TUESDAY, March 8, 2022 (HealthDay News) — One in six older patients having hernia surgery undergo reoperation for recurrence within 10 years, according to a research letter published in the March 1 issue of the Journal of the American Medical Association.
Ryan Howard, M.D., from the University of Michigan in Ann Arbor, and colleagues used fee-for-service Medicare claims data to estimate the long-term incidence of operative hernia recurrence among older adults undergoing elective, inpatient, ventral or incisional (162,292 patients) and umbilical (13,443 patients) hernia repair from 2007 through 2018 (median follow-up, 5.3 years).
The researchers found that 14.3 percent of patients underwent reoperation for hernia recurrence, with an adjusted cumulative incidence of reoperation for recurrence of 16.1 percent at 10 years after surgery. For ventral or incisional hernia repair, the 10-year adjusted cumulative incidence of reoperation for recurrence was 16 percent following open repair and 18.8 percent following minimally invasive repair. For umbilical hernia repair, the 10-year adjusted cumulative incidence of reoperation for recurrence was 12.3 percent after open repair and 14.5 percent following minimally invasive repair. The authors believe the study likely underestimated the incidence of clinical hernia recurrence because not all patients with recurrence undergo reoperation.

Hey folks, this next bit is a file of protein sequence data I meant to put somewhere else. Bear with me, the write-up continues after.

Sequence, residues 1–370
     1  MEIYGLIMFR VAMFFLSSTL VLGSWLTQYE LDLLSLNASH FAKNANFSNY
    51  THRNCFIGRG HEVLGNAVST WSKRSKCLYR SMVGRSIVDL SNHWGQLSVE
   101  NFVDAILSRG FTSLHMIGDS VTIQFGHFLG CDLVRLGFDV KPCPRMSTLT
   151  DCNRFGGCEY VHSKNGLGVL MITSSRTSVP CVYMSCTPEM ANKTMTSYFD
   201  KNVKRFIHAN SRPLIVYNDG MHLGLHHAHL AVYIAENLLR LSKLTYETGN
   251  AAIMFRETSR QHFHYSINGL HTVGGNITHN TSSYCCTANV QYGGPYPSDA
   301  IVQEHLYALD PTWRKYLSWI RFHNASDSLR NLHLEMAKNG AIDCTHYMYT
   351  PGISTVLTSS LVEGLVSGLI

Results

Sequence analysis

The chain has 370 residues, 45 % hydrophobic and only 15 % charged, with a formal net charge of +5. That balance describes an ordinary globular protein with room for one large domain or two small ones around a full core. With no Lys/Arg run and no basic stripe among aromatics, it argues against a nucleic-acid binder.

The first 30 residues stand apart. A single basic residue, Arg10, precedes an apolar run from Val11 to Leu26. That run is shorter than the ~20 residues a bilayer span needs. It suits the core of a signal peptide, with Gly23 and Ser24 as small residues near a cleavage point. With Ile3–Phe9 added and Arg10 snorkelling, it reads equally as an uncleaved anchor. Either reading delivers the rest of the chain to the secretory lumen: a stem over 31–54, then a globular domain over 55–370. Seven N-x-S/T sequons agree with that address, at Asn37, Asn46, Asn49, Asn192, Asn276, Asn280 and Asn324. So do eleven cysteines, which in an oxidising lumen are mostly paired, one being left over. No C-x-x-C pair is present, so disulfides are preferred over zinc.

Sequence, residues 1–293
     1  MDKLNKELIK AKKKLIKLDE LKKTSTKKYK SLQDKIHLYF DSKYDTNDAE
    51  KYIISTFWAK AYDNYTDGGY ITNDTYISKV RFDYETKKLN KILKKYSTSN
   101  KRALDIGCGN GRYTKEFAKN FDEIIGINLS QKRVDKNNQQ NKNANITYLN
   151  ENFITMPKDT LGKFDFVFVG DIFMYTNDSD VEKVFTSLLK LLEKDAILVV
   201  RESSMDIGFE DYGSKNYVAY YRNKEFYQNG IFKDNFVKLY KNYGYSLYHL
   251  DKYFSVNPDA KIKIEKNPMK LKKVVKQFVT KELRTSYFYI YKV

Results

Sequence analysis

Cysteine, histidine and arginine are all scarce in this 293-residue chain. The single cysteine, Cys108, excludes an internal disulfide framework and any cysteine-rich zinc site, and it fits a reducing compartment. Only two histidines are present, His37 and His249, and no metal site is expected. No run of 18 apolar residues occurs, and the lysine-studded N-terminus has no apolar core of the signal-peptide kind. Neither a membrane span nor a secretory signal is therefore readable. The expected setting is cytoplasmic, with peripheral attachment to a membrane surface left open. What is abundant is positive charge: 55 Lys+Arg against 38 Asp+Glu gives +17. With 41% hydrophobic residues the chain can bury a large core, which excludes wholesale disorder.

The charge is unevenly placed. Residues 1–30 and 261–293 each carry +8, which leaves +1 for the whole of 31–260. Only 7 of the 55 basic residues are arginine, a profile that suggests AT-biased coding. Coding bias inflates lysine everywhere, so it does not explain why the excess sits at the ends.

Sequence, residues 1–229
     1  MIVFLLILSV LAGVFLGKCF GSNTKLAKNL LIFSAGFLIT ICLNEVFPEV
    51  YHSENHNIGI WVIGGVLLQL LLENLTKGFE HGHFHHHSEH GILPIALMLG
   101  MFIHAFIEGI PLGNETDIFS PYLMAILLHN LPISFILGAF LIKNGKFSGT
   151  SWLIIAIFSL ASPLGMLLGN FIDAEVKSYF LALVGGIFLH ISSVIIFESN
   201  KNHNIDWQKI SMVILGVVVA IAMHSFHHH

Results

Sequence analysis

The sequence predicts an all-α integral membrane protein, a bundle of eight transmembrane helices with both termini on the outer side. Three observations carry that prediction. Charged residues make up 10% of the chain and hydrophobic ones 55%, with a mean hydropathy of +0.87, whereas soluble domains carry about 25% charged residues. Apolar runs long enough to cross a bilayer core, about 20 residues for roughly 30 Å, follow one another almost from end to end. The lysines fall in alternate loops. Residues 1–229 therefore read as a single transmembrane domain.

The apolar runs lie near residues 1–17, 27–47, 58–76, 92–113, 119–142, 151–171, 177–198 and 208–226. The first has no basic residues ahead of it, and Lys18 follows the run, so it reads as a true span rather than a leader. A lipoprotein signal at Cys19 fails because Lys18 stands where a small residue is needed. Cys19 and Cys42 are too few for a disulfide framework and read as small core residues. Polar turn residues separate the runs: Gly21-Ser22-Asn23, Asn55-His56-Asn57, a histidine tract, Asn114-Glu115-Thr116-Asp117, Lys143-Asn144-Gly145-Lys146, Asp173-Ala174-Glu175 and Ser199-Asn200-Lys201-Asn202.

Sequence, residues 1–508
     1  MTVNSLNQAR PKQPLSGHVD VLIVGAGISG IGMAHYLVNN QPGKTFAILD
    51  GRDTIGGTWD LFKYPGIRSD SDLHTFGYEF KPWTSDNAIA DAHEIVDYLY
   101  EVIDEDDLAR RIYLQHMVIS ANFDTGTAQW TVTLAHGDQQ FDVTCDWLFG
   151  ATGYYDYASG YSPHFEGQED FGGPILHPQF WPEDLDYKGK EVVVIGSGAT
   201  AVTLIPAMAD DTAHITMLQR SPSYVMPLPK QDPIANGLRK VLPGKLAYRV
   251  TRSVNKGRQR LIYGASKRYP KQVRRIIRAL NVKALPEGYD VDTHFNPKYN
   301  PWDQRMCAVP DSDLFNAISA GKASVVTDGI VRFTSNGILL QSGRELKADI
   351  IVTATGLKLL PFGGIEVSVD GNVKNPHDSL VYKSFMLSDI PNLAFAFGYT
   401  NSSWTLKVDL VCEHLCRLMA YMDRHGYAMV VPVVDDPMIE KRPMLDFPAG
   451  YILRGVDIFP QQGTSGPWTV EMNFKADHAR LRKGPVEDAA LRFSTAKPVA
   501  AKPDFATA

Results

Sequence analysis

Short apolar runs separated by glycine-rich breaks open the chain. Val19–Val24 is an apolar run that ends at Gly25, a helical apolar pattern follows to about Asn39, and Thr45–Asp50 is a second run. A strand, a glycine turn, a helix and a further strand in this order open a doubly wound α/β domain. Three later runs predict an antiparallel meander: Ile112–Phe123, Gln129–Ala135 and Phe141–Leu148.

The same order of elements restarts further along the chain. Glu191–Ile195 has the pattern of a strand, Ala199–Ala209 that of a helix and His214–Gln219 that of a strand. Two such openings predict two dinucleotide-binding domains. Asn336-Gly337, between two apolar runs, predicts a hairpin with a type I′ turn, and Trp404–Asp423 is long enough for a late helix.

“Compared with historical 10-year reoperation rates of approximately one in five patients, these results suggest that outcomes have only marginally improved,” the authors write.
One author disclosed financial ties to the medical technology industry.
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